Retirement Withdrawal Calculator
If you've ever asked yourself, "How long will my money last in retirement?", you've come to the right place — the present retirement withdrawal calculator will help you find the right answer for sure.
There are two potential concerns when thinking about retirement:
 How long will my money last in retirement?
 How much money can I withdraw during retirement?
We designed the retirement withdrawal calculator to find the answer to these questions. What's more, you can follow the progress of your balance in a dynamic chart or a withdrawal schedule to help you to make a retirement plan with withdrawals.
Moreover, if you read further, we will show you some useful retirement withdrawal strategies by explaining how to withdraw money from a retirement account.
If you are specifically interested in a 403b retirement plan, check our 403b calculator.
Retirement withdrawal strategies: How to withdraw money from a retirement account?
Since Social Security benefits are not always sufficient to keep up the living standard you are used to during your postincomeearning stage of life, you may decide to obtain a retirement account to provide additional income supplements. If you happen to put aside such savings or consider opening an investment account devoted to your retirement, it is essential to ensure that your money will last long enough. A smartly chosen early retirement withdrawal strategy can support you in such a situation. Let's explore what are the retirement plan withdrawal possibilities.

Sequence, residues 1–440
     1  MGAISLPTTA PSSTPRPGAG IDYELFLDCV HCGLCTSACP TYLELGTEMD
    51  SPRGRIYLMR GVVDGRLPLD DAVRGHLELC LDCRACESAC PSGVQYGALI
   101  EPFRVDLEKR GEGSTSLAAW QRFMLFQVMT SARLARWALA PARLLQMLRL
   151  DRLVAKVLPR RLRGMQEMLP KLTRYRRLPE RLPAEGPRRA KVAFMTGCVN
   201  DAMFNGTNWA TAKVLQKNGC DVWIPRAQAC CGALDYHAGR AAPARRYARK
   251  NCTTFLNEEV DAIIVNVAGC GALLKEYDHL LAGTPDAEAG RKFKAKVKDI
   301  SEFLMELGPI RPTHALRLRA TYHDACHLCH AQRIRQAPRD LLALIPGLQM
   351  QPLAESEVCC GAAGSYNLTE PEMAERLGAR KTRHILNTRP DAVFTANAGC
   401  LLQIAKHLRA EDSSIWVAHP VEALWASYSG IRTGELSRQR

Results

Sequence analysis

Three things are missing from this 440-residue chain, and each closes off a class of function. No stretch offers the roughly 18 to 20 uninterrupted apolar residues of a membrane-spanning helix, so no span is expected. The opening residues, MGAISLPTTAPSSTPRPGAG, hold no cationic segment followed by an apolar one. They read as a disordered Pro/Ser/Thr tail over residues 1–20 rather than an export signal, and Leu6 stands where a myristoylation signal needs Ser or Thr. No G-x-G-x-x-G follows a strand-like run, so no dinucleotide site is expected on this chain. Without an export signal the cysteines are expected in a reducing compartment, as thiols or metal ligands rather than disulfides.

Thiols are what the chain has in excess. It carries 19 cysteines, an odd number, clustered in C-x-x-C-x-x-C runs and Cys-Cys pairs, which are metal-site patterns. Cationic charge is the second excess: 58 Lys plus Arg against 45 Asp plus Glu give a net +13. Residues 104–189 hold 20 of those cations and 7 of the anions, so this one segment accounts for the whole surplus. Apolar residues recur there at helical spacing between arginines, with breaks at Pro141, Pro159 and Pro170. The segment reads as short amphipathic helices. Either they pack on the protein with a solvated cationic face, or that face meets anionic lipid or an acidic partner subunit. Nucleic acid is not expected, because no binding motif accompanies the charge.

The 4 percent rule
The 4 percent rule withdrawal strategy suggests that you should withdraw 4 percent of your investment account balance in your first year of retirement. And from then on, you should increase the amount to keep pace with inflation.
For example, if you have 300,000 dollars in your account, you would withdraw 12,000 dollars (1,000 dollars monthly) in your first year of retirement. If there is 2 percent of inflation (which is the target rate of inflation in the US and most countries), you will withdraw 12,240 dollars in the following year.